Telehealth has been a critical tool during the COVID-19 pandemic in ensuring that patients can continue to receive the health care services that they need while minimizing the spread of the virus and keeping health care providers and patients healthy and safe. Telehealth is also important in increasing capacity at health care facilities and reducing health care providers’ use of scarce personal protective equipment. For these reasons, the Centers for Disease Control and Prevention issued guidance at the beginning of the pandemic advising individuals and health care providers to optimize the use of telehealth services.
The Coronavirus Preparedness and Response Supplemental Appropriations Act, 2020 and the Coronavirus Aid, Relief, and Economic Security Act included provisions from our bipartisan CONNECT for Health Act to increase access to telehealth services for Medicare beneficiaries during the COVID-19 pandemic. As a result, waivers of statutory geographic and originating site restrictions have allowed Medicare beneficiaries to use telehealth services in all areas of the country, as well as in their homes. In addition, more types of health care providers including health centers in rural and underserved areas, are authorized to provide distant site telehealth services, among other important flexibilities.
This new authority resulted in a rapid increase in telehealth utilization. An early analysis of the expansion of Medicare telehealth coverage during the pandemic shows that before the public health emergency, about 13,000 beneficiaries in fee-for-service Medicare received telehealth services in a week, but by the last week of April, nearly 1.7 million beneficiaries received telehealth services. The Centers for Medicare & Medicaid Services (CMS) also found that beneficiaries are getting care through telehealth at similar rates across demographics. In response to these findings, CMS stated that, “The rapid adoption of telemedicine among providers and patients has shown that telehealth is here to stay.”
However, the authority for this expanded coverage of Medicare telehealth services is temporary and tied to the COVID-19 public health emergency declaration, which is renewed in three-month increments. We continue to hear from our constituents and health care providers that the uncertainty about the long-term future of Medicare telehealth coverage is a barrier to organizations investing fully in telehealth—even now during the pandemic. Ramping up telehealth requires significant costs—including the purchase of equipment such as tablets and webcams, telehealth platforms, additional staff, provider training, and changes to electronic health records, billing, and patient engagement processes. Without more certainty about the future of Medicare coverage, many organizations are not investing in all of these areas to optimize the use and availability of telehealth.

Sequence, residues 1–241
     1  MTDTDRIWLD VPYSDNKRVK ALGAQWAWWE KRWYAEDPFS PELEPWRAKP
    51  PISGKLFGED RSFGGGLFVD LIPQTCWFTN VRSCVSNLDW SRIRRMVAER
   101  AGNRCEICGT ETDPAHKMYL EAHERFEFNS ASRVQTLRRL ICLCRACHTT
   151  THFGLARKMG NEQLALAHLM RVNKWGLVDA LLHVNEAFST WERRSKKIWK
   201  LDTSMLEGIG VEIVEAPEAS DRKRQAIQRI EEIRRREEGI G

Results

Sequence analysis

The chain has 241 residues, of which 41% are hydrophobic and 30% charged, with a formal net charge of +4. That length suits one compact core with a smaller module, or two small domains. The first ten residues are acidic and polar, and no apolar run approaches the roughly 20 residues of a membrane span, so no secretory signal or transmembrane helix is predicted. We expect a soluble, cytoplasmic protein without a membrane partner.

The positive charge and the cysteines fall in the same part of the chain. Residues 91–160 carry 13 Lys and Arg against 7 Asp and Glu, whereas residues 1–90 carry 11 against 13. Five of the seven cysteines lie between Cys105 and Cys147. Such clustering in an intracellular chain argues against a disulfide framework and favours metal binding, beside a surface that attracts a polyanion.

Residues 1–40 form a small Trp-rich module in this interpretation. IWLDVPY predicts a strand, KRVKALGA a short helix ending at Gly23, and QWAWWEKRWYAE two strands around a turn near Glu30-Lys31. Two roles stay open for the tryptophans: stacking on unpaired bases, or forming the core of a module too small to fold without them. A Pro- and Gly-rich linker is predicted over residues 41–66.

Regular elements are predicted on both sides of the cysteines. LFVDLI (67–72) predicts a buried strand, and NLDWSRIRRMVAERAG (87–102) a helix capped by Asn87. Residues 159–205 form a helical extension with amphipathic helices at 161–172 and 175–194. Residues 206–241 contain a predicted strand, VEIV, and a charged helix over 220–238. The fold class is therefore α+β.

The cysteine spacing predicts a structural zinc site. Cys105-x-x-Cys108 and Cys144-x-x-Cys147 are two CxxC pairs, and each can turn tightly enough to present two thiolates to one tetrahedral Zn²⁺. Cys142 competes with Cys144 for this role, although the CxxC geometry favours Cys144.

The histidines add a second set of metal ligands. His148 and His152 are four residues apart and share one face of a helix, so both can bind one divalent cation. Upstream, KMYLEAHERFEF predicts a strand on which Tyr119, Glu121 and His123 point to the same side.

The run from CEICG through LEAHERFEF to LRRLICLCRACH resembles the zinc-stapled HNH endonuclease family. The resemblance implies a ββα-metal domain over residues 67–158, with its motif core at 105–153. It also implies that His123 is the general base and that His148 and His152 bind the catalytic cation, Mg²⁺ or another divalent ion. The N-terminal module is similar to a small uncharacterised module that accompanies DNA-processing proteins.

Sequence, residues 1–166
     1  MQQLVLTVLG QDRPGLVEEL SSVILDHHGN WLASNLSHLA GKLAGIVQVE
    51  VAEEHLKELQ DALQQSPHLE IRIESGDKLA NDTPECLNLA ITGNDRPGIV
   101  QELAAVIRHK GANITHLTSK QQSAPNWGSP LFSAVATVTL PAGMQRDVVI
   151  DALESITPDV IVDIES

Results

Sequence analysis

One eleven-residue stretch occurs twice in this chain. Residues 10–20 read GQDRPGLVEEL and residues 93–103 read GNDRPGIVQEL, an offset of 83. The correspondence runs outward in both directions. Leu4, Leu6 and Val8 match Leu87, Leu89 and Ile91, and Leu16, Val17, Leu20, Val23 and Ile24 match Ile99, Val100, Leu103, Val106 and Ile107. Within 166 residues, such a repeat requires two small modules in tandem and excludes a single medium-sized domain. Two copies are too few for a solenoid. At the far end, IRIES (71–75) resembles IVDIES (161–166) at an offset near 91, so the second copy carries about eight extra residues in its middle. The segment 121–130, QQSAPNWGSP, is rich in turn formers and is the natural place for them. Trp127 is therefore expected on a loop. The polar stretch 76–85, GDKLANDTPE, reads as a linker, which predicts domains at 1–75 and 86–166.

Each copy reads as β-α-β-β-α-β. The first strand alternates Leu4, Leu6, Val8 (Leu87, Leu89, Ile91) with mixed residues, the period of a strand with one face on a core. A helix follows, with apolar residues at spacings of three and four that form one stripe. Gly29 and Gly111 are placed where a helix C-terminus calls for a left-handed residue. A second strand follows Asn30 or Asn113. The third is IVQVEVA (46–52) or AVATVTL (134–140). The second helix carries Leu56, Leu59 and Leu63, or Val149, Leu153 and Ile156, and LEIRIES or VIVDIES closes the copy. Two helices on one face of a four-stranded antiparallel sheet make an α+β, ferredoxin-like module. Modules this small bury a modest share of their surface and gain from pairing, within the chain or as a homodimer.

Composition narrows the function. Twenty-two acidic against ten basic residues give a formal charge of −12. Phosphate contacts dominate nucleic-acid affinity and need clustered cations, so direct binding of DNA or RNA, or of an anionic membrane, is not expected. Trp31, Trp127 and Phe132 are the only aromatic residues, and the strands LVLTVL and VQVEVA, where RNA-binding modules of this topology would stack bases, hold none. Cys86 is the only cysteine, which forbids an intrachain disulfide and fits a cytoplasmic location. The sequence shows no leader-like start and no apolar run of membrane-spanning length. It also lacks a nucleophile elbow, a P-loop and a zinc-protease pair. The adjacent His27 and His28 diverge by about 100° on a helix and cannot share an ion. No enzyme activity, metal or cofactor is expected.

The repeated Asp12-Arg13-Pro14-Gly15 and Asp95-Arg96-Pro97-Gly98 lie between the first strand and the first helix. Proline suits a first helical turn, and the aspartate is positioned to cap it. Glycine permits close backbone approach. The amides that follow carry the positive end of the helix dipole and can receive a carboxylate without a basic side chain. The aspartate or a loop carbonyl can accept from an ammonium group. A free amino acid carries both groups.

Therefore, Congress needs to act now to better serve patients and health care providers during the pandemic, and to ensure that telehealth remains an option after the pandemic is over. We understand that further data analysis is underway to assess the impact of the telehealth changes that have been available during the public health emergency. However, to fully benefit from telehealth during the pandemic, there are steps Congress should take before the end of the year to expand access to telehealth with appropriate guardrails and beneficiary protections.
In particular, Congress should immediately provide permanent authority to waive or remove the geographic restrictions on originating sites in section 1834(m) of the Social Security Act so that a beneficiary’s ability to receive telehealth services is no longer based on where he or she lives. Services that CMS has determined to be clinically appropriate to be delivered through telehealth should be available to all beneficiaries, not just some. CMS concurs, stating that “The data have shown that telehealth can be an important source of care across the country, not just for those living in rural areas.”
We also urge action to permanently authorize Federally Qualified Health Centers and Rural Health Clinics to provide distant site telehealth services and to allow patients to receive clinically appropriate telehealth services in their homes. These actions would address the restrictions on originating sites that CMS has stated are the greatest barriers to the expansion of Medicare telehealth services as well as ensure that health centers can continue their pivotal role in providing health care in rural and underserved areas.
Telehealth is an area of strong bipartisan support, and Congress can, and should, act now to lead the way in ensuring expanded access to telehealth. We appreciate your collaboration on this important issue.